Thursday 24 September 2020

We didn't start the fire: "Rebuilding Paradise"

As America's West Coast falls subject to another wildfire, a document arrives of an earlier conflagration. Rebuilding Paradise, a collaboration between National Geographic's reliable documentary unit (L.A. 92, Science Fair) and director Ron Howard's Imagine Entertainment, draws on the facility with images of crisis Howard displayed in his steelier 90s films (Apollo 13, Ransom). It's just that here the crisis is horrifyingly real. The film's stunning opening movement, superbly stitched together by editor M. Watanabe Milmore from phone, video and dashcam footage, plunge us into the thick of the fires that swallowed up the small Californian town of Paradise in November 2018. The sky turns orange, then more apocalyptic still; the soundtrack is given over to gasps, yelps, and teary 911 calls from local residents desperate to find a way through the smoke. Told that the town is now 100% surrounded by flames, a female driver is seen asking a fire marshal "Are we going to die?" Barely less chilling are those shots of the aftermath, which recall the devastation visited on Chernobyl or Fukushima, showing us homes, high schools and hospitals alike reduced to mere ash; the soundtrack now devotes itself to tallying a rising body count. Odd punctums draw the eye amid this blackened landscape. Half-melted recycling bins left at the kerbside offer a reminder this was just another ordinary day in an ordinary town when the inferno blazed in. A deer chased out of the surrounding woodland takes us residence on the front lawn of one property, far from the only creature left homeless here.

What follows is two films for the price of one, which would seem pretty good value if they didn't seem ever so slightly at odds with one another. On one hand, it's a National Geographic account of the devastation, so we're offered a useful science and civics lesson: how this disaster specifically related to climate change, and what this one disaster portends for those living in similar ecological hotspots. (It's... not good.) The other film sounds right up the Howard main street: a portrait of a community pulling itself back together. Yet even this film-within-a-film isn't quite as folksy or fuzzy as you expect it to be, because there are clear obstacles to the rebuilding part of that title, and to getting back to any idea of normality. The residents of Paradise have a lot to juggle: not just their grief, and the practical aspect of finding shelter after the firestorm, but the issue of culpability, trying to find someone who might bear the burden of starting the fire in the first place. This latter almost feels like a film-within-the-film-within-the-film, and here Rebuilding Paradise gets close to capturing something of that peculiarly 2020 sensation that the world - like an old fairground ride pushed to its very limit - has accelerated beyond anybody's control, that there's now simply too much going on at once. (All that's left is firefighting.) A villain of sorts presents in energy giant P&GE, whose power lines are accused of providing the fateful spark; to make the case, Howard brings on a Hollywood heroine in the actual Erin Brockovich (now Erin Brockovich-Ellis), called in by local lawyer Joe Earley to encourage his friends and neighbours to participate in a class action suit against the company.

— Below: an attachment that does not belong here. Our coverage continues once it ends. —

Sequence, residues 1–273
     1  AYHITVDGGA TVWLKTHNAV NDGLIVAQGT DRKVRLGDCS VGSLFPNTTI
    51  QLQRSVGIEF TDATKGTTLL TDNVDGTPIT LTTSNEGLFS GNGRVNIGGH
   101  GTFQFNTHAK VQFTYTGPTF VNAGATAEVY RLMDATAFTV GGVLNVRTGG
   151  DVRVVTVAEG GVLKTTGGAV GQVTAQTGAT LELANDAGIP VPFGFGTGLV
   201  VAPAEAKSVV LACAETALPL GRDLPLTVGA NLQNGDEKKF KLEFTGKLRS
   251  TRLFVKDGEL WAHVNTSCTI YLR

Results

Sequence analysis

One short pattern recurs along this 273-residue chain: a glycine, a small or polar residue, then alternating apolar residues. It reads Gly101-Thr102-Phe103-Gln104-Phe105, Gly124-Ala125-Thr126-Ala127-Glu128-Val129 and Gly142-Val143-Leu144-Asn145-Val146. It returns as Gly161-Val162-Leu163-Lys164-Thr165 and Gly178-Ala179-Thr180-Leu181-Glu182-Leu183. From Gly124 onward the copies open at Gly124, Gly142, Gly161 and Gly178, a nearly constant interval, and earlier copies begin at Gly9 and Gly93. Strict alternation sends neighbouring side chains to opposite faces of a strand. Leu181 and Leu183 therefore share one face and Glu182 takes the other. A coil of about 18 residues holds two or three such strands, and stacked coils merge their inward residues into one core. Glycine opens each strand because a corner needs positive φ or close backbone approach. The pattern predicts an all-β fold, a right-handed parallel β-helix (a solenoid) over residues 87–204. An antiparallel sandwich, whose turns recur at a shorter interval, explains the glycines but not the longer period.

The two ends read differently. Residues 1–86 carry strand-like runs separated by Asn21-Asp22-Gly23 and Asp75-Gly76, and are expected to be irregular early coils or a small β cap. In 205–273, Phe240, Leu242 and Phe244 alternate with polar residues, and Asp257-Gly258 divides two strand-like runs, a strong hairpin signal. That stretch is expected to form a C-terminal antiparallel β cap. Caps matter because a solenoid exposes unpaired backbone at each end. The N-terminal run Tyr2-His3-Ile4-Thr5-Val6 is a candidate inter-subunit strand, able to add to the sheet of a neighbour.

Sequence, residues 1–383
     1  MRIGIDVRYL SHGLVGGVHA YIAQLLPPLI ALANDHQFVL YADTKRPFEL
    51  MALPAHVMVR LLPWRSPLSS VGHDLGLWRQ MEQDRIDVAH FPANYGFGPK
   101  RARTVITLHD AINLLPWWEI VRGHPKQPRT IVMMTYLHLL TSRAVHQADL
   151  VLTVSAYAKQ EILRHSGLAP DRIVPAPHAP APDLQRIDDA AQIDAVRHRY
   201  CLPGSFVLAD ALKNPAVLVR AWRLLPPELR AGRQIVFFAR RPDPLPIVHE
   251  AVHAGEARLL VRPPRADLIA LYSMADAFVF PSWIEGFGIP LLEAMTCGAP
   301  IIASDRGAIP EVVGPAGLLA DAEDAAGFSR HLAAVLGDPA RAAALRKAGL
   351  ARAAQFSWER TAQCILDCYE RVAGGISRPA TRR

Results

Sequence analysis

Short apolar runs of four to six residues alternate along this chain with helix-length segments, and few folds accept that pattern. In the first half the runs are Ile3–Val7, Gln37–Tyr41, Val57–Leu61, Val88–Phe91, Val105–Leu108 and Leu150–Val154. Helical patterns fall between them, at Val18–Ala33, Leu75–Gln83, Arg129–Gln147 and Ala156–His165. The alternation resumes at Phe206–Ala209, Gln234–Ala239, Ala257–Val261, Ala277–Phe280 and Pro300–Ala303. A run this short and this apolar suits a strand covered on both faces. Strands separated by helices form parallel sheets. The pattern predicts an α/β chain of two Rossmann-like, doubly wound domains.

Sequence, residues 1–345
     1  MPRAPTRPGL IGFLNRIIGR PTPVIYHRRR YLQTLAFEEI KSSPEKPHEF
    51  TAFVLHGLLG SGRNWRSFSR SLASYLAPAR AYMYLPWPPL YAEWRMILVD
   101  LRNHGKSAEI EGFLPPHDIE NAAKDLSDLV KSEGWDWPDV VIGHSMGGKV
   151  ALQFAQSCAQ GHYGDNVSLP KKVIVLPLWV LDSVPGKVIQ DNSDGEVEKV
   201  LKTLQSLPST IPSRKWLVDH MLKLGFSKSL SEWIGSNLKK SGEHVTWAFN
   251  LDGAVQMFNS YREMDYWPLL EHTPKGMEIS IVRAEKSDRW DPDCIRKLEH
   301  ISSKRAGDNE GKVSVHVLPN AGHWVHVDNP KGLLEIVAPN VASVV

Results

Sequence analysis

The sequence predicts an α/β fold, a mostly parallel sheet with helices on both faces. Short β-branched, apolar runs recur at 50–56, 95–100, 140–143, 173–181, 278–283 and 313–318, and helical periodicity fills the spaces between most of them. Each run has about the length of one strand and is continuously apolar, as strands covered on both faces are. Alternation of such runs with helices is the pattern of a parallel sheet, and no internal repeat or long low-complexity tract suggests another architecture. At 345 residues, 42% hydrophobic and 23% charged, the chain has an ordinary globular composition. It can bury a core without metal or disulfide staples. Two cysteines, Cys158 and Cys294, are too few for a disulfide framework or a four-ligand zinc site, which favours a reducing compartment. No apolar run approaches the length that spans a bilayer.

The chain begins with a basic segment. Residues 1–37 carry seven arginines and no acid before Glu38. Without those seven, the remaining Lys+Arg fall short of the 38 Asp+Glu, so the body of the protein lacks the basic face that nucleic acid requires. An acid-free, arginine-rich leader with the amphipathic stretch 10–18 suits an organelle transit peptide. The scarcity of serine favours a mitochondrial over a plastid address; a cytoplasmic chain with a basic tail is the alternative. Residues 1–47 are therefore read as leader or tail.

Yet Brockovich disappears just as soon as she's appeared, and at some point Howard looks to have decided that the best he can do for this community is provide a series of well-intentioned social calls. The remainder of the film hopscotches between the remains of these households, which yields a multiplicity of perspectives: we check in with former town mayor Woody Culleton as he's thwarted in his efforts to rebuild his house; with rocksolid professionals in the town's policing and education sectors, busy marshalling citizens and resources; with a college-educated school psychologist, told she'll have to move away if she wants to conceive, such is the benzine the fire seared into the town's water supply; and with those at the very bottom of Paradise's socioeconomic ladder, caught retreating into trailers and tents in a Wal-Mart car park. None of this will dispel Howard's reputation as a people person, but individual stories and strands (that lawsuit in particular) are lost in the haste to bring a year's worth of footage down to a TV-ready 90 minutes. My more cynical side wondered whether Howard was processing this story as a prelude to some post-pandemic based-on-true-events crowdpleaser, perhaps with Jeff Bridges as Culleton, Cherry Jones as Paradise's indefatigable headmistress, and an altogether more decisively happy ending than true events have so far permitted. (That film could retain the self-parodic Eddie Vedder song Rebuilding Paradise lards over its closing credits, which might as well be titled "Now Nominate This".) I hope not, because there's a far starker film in here, one that takes its lead from those first ten minutes and the National Geographic forecasters - a film about American fragility and insecurity, and how our infrastructure, whether by improper maintenance or simply being sold off, has now started to fail us.

Rebuilding Paradise opens in selected cinemas from Friday. 

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